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Any ideas? - video stream stored in a database

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Any ideas? - video stream stored in a database

Hey gang..
Not a thread for most folks but i know we have some talented people here onb the PN forum who know their stuff!
So.. i was looking at saving a video stream from a live device (security camera or webcam that is watching over a car). Now I've had some breif experience with CCTV in the past and remember that they could look back precisely at any date / time of footage in the database.
Now I'm wanting to do something similar but with my own software / features and i'm wondering just how a video stream can be stored like that in a database with precise time / date markers?
One thing I thought of was perhaps every second was stored as its own unique blob and the database pulls out say 60 blobs at a time for the main program to stitch together and play? But then that raises a new question of the blob not containing file / meta data etc?
So.. anyone in the know out there?
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Re: Any ideas? - video stream stored in a database

Hi 7up,
What format is the video in? Most of the time I think you'll find that the time stamp data is stored in frames in the video. So what you'd need to do so you could query the database is to extract this information from the stream and use these values to insert the blob. Doing it every second IMHO is pointless, as the granularity is to fine, I'd be inclined to do it maybe on the minute but more likely every 5 minutes.

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Re: Any ideas? - video stream stored in a database

Must it be stored in the database? I'd be inclined to store it as files on a shared drive and store the UNC path to the file in the database with the date time indexing information. That way the file/meta data will not be lost.
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Re: Any ideas? - video stream stored in a database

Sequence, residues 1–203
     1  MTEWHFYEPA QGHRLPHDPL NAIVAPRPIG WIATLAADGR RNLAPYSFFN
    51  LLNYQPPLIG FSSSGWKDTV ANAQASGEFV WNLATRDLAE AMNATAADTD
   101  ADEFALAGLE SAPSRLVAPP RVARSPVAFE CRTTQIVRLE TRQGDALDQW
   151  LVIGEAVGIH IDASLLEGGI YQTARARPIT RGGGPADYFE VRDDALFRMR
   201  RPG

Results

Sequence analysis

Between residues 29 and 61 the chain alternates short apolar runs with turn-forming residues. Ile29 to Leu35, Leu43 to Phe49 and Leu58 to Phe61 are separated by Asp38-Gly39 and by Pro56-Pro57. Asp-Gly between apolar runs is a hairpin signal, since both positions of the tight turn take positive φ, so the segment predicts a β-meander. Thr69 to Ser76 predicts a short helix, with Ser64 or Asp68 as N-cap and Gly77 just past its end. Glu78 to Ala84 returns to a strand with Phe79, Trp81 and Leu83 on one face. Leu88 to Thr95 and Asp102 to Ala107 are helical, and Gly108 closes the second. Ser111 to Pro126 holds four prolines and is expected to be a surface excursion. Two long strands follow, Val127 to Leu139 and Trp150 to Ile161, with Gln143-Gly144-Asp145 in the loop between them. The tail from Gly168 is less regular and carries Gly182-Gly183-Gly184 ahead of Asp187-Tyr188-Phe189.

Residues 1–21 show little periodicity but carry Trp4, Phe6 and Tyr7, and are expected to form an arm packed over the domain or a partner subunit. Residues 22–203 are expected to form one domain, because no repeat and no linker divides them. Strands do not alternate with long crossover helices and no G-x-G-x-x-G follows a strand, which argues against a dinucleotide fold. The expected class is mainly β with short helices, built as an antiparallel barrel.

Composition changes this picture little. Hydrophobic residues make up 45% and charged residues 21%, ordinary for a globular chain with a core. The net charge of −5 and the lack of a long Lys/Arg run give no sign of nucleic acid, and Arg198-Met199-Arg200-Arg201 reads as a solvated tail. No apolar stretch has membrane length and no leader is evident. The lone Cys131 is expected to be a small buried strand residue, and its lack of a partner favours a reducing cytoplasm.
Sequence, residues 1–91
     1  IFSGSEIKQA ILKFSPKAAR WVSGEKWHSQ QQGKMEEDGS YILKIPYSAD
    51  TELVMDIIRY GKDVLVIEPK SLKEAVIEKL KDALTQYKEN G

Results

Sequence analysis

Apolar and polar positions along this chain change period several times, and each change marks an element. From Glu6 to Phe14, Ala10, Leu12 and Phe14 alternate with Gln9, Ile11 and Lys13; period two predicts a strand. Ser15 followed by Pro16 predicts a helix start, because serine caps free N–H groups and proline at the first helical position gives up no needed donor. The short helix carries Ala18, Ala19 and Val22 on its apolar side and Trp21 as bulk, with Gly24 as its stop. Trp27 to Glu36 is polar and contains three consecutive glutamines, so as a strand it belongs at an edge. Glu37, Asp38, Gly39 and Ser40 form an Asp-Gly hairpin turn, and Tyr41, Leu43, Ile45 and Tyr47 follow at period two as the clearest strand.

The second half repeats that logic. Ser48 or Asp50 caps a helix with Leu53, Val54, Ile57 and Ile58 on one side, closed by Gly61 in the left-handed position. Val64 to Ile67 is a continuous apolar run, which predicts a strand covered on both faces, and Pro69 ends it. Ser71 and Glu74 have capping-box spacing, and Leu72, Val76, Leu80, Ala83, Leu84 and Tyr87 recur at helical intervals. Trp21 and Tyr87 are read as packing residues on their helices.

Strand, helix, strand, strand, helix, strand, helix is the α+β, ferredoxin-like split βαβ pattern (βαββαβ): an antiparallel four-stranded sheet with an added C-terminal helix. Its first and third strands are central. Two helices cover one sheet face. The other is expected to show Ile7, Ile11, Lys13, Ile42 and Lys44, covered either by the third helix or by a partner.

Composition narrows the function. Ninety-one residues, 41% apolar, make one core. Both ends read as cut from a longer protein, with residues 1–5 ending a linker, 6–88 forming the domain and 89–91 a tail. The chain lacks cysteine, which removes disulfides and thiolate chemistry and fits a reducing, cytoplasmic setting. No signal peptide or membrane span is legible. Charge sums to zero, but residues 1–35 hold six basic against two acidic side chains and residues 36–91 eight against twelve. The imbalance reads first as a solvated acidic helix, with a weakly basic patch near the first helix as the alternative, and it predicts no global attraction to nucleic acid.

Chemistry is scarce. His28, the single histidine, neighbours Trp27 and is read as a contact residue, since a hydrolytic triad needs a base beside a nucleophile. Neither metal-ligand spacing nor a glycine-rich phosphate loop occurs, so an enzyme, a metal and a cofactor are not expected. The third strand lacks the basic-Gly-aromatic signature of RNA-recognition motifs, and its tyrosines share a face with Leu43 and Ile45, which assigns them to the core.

Storing the data on a shared drive does have advantages as it allows you to view the footage without using the database, but it also means that you now have two points of failure. By storing data in the database all you need to do is backup the database and you have a complete archive that can be restored to a new instance or hardware with minimal grief.
Also, by storing the UNC path in the database means that the files can never be moved to another location without the database being updated, that may not be the end of the world but a point worth considering.
While I'm typing a couple of other questions come to mind. What database were you wanting to use? Also is this CCTV a proper CCTV system; i.e. multi-cam or is it a single IP / USB camera?
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Re: Any ideas? - video stream stored in a database

Quote from: jelv
Must it be stored in the database? I'd be inclined to store it as files on a shared drive and store the UNC path to the file in the database with the date time indexing information. That way the file/meta data will not be lost.

Databases take care of user access / multi read / file locking issues.
Quote from: Mook
What format is the video in? Most of the time I think you'll find that the time stamp data is stored in frames in the video. So what you'd need to do so you could query the database is to extract this information from the stream and use these values to insert the blob.

Well not much point in taking the time / date values from a live stream using OCR if i can take it from the system clock or get the database to insert it using its own internal time is there?   Undecided You're trying to answer a different question to what i'm asking I'm afraid  Wink
I'm not asking how to store the time / date, i know how to do that, what i'm asking is how do security programs store their live stream going back weeks and be able to recall it so quickly using a timeline like this:

Having used this software myself in a former job I am pretty sure it wasn't using files stored on a disk and then joining them together for playback that and multiple users could search for a specific time and date very quickly just like it were using a database that has the entire thing time and date indexed. Now I know what you're thinking, take the file size and divide by the seconds that it contains but that will not work because some frames will contain more or less data than others (eg night scenes will contain little until a car drives up with headlights on etc) so file size division will not work. Plus for a video of several hundred MB it would take a while to calculate how many frames are in it etc... Indigo control centre does instant playback with no calculation times etc so it IS possible... somehow  Huh
I've heard of real time databases but i'd have no idea where to start with one of those.